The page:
I have been an avid reader my whole life. For many years, I resisted the technology now available in terms of books, computer screen reading, Kindle formats, and audio text. Maybe I am just getting old and, like many older folk, I’m just stuck in my ways.
I received a Kindle for my birthday a few years ago, something I never would have bought for myself as I’m practically morally opposed to the thing. In time, though, I have learned to use it, and I do like the convenience it provides whenever I travel. I refuse to rely on it entirely, and I still buy far more physical books than I do digital ones.
I primarily use a desktop computer, so reading a book on my computer screen is no more likely to happen than watching a movie on it. Perhaps, some day, if I have a snazzy laptop I’ll consider it, but I think the farthest I am willing to concede to digital books is the aforementioned Kindle.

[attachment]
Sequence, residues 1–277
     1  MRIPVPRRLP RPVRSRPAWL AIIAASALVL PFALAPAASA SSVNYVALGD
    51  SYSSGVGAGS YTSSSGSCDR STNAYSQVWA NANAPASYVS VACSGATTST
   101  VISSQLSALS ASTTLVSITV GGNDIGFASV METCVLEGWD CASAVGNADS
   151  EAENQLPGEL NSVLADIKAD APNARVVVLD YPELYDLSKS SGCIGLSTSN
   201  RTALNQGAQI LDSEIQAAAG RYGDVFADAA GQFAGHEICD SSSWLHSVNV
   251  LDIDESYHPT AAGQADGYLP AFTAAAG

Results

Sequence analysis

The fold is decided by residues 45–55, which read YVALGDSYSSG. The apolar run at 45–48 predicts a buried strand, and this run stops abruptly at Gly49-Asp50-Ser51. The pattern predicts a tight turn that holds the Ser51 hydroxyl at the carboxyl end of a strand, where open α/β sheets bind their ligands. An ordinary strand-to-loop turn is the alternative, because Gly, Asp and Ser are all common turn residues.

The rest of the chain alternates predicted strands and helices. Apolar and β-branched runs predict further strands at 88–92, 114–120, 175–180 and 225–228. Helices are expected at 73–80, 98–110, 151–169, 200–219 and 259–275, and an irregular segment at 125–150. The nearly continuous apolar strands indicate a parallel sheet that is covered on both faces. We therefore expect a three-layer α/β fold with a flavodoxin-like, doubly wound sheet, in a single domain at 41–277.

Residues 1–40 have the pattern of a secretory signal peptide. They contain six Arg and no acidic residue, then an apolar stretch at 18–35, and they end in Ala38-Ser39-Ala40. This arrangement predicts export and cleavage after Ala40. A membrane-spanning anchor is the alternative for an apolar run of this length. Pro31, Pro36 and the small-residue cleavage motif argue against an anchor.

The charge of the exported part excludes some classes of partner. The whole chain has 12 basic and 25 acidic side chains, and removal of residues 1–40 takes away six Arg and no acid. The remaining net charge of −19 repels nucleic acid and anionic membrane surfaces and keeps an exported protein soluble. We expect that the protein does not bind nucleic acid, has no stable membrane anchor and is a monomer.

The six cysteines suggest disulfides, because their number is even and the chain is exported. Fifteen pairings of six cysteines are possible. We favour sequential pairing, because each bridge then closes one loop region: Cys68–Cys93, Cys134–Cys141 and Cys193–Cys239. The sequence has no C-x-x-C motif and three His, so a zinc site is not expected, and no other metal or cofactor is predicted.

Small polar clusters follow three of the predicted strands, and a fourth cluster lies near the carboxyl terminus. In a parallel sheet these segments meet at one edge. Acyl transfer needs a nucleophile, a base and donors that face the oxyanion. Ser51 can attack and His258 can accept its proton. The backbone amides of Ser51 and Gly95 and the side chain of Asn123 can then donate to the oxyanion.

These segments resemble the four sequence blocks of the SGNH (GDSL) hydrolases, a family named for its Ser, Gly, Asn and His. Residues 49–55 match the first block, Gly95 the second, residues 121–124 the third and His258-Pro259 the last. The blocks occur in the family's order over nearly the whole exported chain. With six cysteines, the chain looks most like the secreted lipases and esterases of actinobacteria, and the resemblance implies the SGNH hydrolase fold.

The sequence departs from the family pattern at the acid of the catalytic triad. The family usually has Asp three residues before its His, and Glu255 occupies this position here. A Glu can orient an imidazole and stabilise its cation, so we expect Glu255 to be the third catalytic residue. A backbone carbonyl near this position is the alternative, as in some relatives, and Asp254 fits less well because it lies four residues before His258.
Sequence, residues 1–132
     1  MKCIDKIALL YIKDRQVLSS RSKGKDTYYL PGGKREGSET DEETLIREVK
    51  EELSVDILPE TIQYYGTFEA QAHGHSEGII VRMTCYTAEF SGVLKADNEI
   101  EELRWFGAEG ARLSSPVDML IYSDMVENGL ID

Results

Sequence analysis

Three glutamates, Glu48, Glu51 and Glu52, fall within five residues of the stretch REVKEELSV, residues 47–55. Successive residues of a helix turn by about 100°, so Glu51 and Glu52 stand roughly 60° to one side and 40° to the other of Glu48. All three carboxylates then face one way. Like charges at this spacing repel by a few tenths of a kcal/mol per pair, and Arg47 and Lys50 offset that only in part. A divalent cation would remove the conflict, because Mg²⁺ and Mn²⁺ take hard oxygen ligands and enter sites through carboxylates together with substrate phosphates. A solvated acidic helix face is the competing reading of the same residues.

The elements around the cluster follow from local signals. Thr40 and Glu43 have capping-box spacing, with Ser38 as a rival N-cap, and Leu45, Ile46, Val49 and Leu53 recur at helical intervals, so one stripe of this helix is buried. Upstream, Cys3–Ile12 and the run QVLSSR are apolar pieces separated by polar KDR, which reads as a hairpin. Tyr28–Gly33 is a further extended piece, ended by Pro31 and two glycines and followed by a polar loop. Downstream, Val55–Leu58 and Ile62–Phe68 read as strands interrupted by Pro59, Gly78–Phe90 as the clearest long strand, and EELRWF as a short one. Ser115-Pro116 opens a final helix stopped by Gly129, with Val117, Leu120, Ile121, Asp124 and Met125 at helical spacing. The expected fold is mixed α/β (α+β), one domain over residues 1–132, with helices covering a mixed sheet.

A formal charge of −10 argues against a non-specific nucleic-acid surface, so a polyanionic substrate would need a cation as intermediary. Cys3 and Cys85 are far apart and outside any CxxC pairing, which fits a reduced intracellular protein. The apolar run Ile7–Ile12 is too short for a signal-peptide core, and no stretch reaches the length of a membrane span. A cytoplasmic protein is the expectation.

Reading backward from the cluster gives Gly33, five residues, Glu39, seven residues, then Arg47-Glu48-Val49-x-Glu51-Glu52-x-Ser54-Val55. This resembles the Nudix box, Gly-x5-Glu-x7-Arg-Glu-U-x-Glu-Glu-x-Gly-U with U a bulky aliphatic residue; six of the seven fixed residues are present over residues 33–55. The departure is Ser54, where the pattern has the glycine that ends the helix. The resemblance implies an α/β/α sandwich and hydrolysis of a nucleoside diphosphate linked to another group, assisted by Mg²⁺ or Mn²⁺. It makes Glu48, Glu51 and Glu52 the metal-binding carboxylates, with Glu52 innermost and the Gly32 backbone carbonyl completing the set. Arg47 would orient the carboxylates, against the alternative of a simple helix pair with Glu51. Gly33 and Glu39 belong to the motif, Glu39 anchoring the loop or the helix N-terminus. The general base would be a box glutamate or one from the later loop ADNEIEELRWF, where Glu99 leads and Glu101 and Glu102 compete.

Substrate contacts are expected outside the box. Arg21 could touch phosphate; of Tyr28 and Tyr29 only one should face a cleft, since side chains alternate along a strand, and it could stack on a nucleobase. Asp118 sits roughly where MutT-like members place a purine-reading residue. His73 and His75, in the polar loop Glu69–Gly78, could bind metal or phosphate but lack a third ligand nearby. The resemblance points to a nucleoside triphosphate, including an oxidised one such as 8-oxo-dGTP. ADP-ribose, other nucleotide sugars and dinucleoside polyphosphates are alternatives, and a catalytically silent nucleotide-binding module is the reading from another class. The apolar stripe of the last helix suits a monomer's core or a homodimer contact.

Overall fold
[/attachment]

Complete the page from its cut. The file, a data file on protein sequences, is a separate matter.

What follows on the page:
That left me with only my resistance to audio books. I always considered audio books the lazy man’s literature. But then something happened in my life that made me reconsider. I got a job that is boring and repetitive, but requires me to visually pay attention to what I’m doing, since the work is very detail oriented. There’s a CD player in the office available to all of the employees. I work with only one other person on a 3 to 11pm shift, and after the first several weeks it began abundantly clear that our musical tastes didn’t overlap very often, nor did our volume preference. As a compromise, he suggested bringing in an audio book. At this I blanched, but given the alternative of another night of some obscure German industrial band I’d never heard of, I agreed.